The Proof

You may recall Heron's formula from high school trigonometry. Give Heron's formula the three sides of a triangle and it reveals the area. This formula is just complex enough to challenge early computer students, but we'll use it for a different purpose.

Pretend your task is to use input and output to test a computer program that implements Heron's formula. You are to build test cases. What kinds of data would you input and what would you expect for output? For example, youmight input

  • Integers 3, 4, and 5, and expect an integer area of 6.
  • Integers other than 3, 4, and 5, expecting a floating-point answer.
  • Various floating-point numbers as input.
Please put the book aside for ten minutes at this point and see how many kinds of input and output test sets you can devise. Use the worksheet on the facing page for your work. Further into this chapter, I'll present a rather long list, which is by no means comprehensive.

Neither Debugging nor Testing Finds All Bugs

Teaching university computer classes, I would give the students a ten-minute, ungraded quiz, asking them to devise all the kinds of test data they could for the hypothetical Heron's formula problem. Then we'd tabulate the results. Most classes found 15-18 examples. Occasionally, succumbing to the ultimate bug, a student would write a computer program to solve Heron's formula! That always got a laugh. After ten minutes, I'd propose a few clever ideas found by previous classes and challenge the students to find more. In the ensuing fun, they would invariably expand the list to 30 or more, and I'd add a couple of items to my personal list. I did this as much for research as for teaching.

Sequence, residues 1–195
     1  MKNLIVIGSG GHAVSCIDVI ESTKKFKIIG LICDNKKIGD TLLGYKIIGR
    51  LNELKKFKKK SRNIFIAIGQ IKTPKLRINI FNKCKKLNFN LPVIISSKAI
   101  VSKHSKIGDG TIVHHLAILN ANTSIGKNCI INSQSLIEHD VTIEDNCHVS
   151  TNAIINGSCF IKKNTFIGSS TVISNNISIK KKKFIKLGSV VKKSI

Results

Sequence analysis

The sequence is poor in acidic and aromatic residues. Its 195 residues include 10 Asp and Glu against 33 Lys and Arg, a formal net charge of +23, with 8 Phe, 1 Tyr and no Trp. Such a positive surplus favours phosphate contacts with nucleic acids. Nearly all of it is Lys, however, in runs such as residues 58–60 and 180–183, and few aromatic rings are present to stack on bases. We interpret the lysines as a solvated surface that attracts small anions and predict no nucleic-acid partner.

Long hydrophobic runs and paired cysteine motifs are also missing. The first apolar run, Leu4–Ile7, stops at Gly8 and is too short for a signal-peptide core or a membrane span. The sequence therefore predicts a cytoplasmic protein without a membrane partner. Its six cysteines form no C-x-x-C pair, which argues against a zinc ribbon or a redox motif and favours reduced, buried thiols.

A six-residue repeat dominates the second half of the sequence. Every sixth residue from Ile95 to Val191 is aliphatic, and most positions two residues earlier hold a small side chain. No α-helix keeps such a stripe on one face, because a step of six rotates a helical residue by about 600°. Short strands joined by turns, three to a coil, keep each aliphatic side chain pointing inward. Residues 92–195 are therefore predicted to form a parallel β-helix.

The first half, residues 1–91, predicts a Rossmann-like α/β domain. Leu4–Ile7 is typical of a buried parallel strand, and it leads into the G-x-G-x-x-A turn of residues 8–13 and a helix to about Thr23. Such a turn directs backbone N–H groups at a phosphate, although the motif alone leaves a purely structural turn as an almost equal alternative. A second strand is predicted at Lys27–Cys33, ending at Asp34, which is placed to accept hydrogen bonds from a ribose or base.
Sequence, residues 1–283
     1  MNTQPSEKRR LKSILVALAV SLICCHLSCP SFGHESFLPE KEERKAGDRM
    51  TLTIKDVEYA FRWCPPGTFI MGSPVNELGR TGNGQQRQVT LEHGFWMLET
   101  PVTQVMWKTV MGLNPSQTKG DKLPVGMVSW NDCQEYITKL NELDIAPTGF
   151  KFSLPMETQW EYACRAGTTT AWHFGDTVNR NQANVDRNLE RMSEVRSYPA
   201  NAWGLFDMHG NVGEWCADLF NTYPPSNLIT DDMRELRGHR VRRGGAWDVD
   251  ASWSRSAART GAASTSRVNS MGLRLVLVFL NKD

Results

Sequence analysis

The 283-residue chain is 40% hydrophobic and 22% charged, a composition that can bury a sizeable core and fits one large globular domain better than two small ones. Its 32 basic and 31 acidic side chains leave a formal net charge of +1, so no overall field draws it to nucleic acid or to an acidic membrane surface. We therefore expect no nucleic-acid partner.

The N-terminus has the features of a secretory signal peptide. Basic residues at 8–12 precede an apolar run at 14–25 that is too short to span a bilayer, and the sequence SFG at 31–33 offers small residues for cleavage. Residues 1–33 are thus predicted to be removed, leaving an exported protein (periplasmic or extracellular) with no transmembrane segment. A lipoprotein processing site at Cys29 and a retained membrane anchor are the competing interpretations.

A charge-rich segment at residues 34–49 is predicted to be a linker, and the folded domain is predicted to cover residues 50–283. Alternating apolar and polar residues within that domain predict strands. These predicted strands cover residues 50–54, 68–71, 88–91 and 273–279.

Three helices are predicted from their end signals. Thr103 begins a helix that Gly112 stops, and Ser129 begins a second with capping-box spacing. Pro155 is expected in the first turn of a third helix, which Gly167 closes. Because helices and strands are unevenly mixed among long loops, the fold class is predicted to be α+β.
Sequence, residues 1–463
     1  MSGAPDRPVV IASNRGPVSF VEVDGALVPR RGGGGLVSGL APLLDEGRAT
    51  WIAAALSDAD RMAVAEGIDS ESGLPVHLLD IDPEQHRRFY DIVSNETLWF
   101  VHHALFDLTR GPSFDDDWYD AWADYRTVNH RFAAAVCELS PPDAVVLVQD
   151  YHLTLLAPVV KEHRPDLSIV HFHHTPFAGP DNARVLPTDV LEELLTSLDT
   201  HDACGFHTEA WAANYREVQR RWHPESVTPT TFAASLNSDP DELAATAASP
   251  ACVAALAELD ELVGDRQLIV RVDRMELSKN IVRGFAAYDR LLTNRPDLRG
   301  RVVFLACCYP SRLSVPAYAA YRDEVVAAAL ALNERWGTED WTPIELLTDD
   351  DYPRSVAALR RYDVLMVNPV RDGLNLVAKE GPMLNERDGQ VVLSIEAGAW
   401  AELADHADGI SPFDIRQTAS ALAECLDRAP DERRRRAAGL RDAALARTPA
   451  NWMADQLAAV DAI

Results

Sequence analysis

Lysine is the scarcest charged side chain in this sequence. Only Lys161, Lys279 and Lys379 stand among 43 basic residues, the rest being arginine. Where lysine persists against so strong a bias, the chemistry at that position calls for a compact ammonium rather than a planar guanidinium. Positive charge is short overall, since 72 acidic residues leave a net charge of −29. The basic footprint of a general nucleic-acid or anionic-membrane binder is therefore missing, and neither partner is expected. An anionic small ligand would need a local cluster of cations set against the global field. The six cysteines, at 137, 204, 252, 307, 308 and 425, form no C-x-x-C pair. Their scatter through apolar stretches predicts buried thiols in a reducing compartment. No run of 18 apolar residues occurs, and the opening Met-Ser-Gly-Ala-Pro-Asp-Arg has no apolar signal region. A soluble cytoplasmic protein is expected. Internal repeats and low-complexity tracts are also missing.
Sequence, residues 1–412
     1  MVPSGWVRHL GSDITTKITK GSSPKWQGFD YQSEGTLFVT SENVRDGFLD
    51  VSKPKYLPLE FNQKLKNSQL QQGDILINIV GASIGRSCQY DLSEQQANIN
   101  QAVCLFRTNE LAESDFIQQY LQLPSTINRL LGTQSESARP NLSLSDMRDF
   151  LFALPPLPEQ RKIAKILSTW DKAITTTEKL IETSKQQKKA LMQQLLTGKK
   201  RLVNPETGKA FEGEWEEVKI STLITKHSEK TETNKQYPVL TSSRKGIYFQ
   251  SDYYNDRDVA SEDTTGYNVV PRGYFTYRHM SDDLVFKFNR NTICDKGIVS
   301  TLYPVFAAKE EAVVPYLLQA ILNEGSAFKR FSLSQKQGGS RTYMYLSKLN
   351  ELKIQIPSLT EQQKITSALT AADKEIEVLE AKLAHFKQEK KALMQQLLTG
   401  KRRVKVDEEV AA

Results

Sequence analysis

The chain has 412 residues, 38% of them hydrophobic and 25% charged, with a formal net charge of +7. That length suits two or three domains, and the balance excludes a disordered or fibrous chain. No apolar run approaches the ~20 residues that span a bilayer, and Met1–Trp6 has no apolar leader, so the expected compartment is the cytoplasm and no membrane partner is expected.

One conclusion is that testing is a highly creative and intuitive process. It is quite difficult to think of an exhaustive set of tests. None of my students or colleagues ever did, nor have I. Without an exhaustive set of tests, how can testing find all bugs?

Even if a tester could write an exhaustive set of test classes, such a set is insufficient. For example, one of my best students discovered something amazing about the Pascal compiler. At random, he input 16, 20, and 12.50613300415 into his Heron's formula program, and his program printed 101.001. So far, so good. The second part of his assignment was to round the results to two decimal places. He expected 101.00 and got an erroneous 101.01 instead. The Pascal compiler rounded incorrectly! However, 101.002 rounded correctly. So did 101.0001, 101.0011, and 101.005 .

He proved it was the compiler at fault, and then wrote a new program to test the compiler for further errors. His new program compared the compiler's rounding function with the standard algorithm that rounds numbers. If the comparison revealed a discrepancy, his program printed it.

The first design was to step through all possible floating-point numbers allowed by the quad-precision VAX compiler. When it became apparent this program would consume the VAX for most of the semester, he restricted the program's range. In four evenings, checking billions of possibilities, 101.001 was the only erroneous example it found. We wrote a letter to Digital Equipment Corp. (DEC) and received a kind response. Later, we received a note that DEC had fixed the problem...